Tuesday, October 09, 2007

Newbery Awards

Betsy Bird at A Fuse #8 Production mentioned (some time ago) that she was working her way through the Newbery list. Upon reading that little tidbit, I thought, "Well, that's a neat idea," and left it at that. I'd forgotten about her project until I got to the "Awards" entry in The Essential Guide to Children's Books and Their Creators. Since the point of this project is to work on my historical understanding of children's/YA literature, I thought it would be a good idea to incorporate reading the Newbery and Caldecott winners/honorees into my project.

While I don't have access to a handful of the Honor recipients (from the 1920s and 1930s-you're more likely to find these in academic libraries than public libraries) and a few Medal recipients (again, from the very early days of the awards) that I can count on one hand, I will be able to go through 99% of the list. I also reserve the right to not finish a book if I truly cannot get through it. I am not anticipating this will happen for the most part.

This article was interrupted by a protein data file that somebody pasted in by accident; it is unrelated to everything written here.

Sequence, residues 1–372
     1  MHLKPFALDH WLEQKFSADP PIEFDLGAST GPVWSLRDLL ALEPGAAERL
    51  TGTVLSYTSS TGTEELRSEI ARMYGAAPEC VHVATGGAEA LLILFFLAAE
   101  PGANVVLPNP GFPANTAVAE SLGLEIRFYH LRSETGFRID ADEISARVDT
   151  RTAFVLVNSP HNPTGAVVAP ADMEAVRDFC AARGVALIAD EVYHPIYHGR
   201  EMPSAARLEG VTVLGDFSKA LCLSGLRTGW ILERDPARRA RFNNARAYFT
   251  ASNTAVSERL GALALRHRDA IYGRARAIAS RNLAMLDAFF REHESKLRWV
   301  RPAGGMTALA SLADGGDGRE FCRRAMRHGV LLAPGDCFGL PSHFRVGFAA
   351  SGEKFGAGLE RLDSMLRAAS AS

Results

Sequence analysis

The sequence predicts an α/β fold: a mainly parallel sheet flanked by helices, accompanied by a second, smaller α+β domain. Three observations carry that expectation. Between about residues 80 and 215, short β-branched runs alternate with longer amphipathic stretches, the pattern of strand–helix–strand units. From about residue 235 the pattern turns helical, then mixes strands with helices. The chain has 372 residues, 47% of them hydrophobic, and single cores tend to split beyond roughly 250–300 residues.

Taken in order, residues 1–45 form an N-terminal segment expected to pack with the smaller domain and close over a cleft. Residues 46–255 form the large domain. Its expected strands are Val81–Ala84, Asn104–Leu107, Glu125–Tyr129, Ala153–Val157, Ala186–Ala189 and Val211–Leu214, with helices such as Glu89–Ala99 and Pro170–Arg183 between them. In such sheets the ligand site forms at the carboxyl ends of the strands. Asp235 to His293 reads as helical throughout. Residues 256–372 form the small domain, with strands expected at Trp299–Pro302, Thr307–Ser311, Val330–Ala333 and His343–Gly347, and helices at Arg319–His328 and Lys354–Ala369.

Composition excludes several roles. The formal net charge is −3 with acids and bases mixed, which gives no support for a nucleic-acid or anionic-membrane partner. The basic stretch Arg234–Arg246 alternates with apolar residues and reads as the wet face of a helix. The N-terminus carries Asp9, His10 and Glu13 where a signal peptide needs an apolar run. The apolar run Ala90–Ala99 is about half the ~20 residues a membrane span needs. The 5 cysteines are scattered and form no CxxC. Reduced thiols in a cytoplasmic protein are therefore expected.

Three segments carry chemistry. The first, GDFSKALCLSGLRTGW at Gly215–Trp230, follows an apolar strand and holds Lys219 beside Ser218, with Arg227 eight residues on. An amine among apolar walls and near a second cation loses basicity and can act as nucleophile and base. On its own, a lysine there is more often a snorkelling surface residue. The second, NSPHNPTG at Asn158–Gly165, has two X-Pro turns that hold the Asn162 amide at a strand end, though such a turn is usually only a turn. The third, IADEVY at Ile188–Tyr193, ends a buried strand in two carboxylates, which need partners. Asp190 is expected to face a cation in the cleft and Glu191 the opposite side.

However, it did happen with my first selection, The Story of Mankind by Hendrik Willen Van Loon. It's not the fault of the book. It's one of the most lyrical history books I've read, or attempted to read. I'm just not in the mood to read it straight through.

However, I did handpick a few chapters on Jesus, Mohammed, Buddha, and Confucius. Bearing in mind that this was written in 1921, I was very curious to read Van Loon's take. Aside from a very few instances, the chapters were quite objective and "open minded." I did notice that Van Loon calls Muslims "Mohammedans," but that was common at that time (this is no longer considered acceptable, since it implies that Muslims worship Mohammed).

The Story of Mankind has been updated three times; once in 1972, then in 1984 and again in 1999.

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